Netflix has signed up to U.K. ratings body BARB in what is a massive coup for TV audience measurement in Britain.
BARB, an acronym for the Broadcasters Audience Research Board, claims to be the first industry-owned audience currency in the world that Netflix has joined. While BARB has technically been reporting on streaming numbers in the U.K. for a year now — numbers that have only been available to its broadcaster clients and prohibited from being published — it’s been doing so without the involvement of Netflix and Amazon as clients.
This is all going to change, however, with Netflix now willingly signing up to the ratings body. This means that, from Nov. 1, BARB will report Netflix viewing every day at both a service and a program level. This will be in the same way it reports viewing for more than 300 broadcast channels, broadcast video-on-demand (BVOD) platforms and advertising and subscription video-on-demand (AVOD/SVOD) services.
Netflix viewing data will be available to all BARB clients on the morning of Nov. 2. (Amazon hasn’t yet signed up to BARB, Variety has confirmed.)
The move is significant because Netflix audience figures will now be presented daily on what comes as close as one can get to an apples-to-apples basis with broadcasters such as the BBC, ITV, Channel 4, Channel 5 and Sky — the first time such comparisons will be able to take place in the U.K. and be made public.
BARB’s overnight viewing figures are calculated within the hours of 6 a.m. and 2 a.m. For example, Wednesday’s overnight figures would comprise viewing from 6 a.m. on Tuesday morning to 2 a.m. in the early hours of Wednesday. Streaming services such as Netflix obviously don’t operate within timeslots, but what BARB data will show is the Netflix viewing on the same day, in the same timeframe. For example, one will be able to compare how many people watched “The Crown” and “Strictly Come Dancing” if both were made available on the same day.
The play is strategic for Netflix, which is under increasing pressure from U.K. policy makers to abide by the same rules as broadcasters in order to operate.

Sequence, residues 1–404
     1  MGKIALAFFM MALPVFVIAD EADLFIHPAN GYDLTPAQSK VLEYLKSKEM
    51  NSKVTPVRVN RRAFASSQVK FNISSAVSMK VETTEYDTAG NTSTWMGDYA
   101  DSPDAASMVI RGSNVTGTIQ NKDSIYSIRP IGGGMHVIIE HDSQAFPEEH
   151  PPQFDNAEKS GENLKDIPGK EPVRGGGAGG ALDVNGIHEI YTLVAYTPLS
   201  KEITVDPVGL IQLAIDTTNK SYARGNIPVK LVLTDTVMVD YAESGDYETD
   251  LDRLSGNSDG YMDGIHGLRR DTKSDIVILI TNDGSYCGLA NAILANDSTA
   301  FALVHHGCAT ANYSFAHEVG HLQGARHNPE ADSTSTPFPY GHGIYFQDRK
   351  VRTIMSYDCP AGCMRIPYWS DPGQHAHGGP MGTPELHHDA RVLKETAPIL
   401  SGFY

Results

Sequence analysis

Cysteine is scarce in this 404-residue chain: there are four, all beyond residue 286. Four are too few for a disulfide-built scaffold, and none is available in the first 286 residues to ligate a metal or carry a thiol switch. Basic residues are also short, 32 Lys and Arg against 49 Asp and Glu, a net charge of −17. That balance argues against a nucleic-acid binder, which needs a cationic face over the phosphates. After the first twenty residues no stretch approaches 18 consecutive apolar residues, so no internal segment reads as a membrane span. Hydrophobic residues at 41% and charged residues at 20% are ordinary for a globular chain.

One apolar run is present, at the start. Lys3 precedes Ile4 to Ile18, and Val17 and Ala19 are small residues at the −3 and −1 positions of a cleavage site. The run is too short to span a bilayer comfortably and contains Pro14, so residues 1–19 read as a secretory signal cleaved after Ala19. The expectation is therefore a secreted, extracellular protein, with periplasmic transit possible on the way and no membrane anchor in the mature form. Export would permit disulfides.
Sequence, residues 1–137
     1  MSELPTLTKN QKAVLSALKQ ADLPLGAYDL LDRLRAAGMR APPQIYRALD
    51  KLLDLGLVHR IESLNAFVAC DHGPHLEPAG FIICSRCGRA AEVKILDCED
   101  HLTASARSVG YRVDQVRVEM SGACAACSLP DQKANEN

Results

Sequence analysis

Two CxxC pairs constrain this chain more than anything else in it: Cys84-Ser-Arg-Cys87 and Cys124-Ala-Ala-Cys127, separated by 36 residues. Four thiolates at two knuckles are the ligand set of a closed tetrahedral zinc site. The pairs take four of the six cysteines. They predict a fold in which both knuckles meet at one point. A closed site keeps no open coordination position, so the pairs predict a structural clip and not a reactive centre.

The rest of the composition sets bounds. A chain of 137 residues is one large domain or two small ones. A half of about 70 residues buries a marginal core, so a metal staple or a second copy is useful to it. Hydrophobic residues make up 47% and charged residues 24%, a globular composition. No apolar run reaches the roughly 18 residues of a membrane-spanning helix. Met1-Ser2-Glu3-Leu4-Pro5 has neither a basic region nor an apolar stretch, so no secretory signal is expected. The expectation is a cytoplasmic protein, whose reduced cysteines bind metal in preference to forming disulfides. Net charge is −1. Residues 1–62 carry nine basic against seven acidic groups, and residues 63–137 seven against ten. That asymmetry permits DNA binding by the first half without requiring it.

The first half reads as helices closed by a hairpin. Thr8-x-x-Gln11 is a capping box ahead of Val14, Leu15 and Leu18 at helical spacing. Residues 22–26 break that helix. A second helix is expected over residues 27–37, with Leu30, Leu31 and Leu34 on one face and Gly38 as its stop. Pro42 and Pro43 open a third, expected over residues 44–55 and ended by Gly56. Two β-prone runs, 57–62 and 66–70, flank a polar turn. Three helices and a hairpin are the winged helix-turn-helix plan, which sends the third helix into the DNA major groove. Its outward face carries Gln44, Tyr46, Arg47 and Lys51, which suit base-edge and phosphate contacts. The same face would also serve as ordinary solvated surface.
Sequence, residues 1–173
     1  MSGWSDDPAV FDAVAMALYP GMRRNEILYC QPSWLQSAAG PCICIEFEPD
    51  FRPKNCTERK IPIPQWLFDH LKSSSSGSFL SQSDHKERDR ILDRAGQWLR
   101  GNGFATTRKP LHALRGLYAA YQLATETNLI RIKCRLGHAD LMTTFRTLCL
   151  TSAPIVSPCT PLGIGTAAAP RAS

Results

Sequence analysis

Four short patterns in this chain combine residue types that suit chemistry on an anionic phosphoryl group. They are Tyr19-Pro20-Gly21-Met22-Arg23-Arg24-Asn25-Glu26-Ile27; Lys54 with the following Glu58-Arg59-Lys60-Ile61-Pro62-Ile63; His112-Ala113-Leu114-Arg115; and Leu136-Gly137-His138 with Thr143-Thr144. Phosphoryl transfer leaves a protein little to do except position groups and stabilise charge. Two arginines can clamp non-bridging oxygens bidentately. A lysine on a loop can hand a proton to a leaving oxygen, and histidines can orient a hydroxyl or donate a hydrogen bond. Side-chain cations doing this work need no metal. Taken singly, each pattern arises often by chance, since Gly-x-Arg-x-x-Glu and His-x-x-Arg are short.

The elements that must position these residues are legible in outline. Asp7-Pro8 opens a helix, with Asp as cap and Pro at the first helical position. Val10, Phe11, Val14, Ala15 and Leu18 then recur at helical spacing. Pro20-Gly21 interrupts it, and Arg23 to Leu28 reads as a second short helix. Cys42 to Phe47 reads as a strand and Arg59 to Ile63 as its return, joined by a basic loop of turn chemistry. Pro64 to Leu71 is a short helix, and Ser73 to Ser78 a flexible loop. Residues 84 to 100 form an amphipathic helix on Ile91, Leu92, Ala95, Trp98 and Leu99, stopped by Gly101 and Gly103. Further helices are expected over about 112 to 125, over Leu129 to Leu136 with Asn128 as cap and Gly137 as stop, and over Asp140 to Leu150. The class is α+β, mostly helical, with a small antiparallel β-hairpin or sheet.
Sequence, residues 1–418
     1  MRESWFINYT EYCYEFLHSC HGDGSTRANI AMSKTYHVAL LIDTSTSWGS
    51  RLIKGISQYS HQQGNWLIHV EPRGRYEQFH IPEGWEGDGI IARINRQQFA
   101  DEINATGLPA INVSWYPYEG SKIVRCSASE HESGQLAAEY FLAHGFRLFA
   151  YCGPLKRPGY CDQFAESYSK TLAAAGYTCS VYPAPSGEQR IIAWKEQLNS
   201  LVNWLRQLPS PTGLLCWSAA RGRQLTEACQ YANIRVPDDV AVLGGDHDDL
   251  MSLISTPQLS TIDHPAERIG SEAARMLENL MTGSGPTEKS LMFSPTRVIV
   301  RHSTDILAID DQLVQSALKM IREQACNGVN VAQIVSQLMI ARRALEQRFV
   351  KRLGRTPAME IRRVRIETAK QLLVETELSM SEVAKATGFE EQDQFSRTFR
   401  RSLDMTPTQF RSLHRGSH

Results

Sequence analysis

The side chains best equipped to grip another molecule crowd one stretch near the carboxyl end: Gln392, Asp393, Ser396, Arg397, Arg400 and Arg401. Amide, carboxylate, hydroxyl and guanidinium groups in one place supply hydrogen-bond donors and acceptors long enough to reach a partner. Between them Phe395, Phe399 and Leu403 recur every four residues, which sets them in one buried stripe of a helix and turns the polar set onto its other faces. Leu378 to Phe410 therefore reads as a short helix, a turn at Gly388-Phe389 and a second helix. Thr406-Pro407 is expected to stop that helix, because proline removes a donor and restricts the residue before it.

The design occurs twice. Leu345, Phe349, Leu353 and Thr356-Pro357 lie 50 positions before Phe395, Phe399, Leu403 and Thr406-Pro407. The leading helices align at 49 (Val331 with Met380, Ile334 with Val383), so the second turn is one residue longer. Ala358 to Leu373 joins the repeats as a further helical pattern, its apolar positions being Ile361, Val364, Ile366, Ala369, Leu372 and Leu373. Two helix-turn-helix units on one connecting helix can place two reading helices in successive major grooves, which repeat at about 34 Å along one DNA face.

Netflix boss Reed Hastings first committed to joining BARB at the Royal Television Society in 2019, saying at the time: “No one wants to rely on us to do our own measurement. To a strong degree, it would good for us and the industry to be on the BARB panel.”
Hastings on Tuesday referenced his three-year-old comments, noting that “back in 2019, at the RTS conference in Cambridge, I welcomed the idea of Netflix audiences being measured independently. We’ve kept in touch with BARB since then and are pleased to make a commitment to its trusted measurement of how people watch television in the U.K.”
While Netflix viewing figures are still going to be restricted to a degree, in the sense that only BARB clients and outlets with a special £20,000 licence can access them, they will be able to be published in the same way that broadcast ratings are.
Some information will also be made publicly available on a monthly basis.
From the second week of November, BARB will publicly report the monthly reach and share of viewing for broadcaster groups and SVOD/AVOD services that account for more than 0.5% of total identified viewing. In addition, BARB will extend its weekly reporting of the top 50 shows to include shows across all linear channels and SVOD service providers.
An example of what this data will look like is below:
The development comes less than a year after BARB upgraded its daily audience reporting to include streaming services. The org’s reports now include aggregate-level viewing to SVOD/AVOD and video-sharing platforms, as well as content ratings for shows on the leading SVOD services.
In general, broadcasters’ linear channels and on-demand services have accounted for around two-thirds of all identified viewing in 2022, while SVOD/AVOD services comprise about one-sixth of all viewing. The average daily viewing time for broadcasters’ services was 159 minutes in September 2022, while the average for SVOD/AVOD services was 36 minutes per day.
Justin Sampson, chief executive of BARB, said: “Our audience measurement continuously adapts to accommodate the new platforms and devices that are being used by people to watch their favourite television shows. We took a big step forward last year when we started reporting audiences to streaming services. Netflix’s commitment to BARB sends a clear signal that what we’re doing is valuable to new and established players in the market.”
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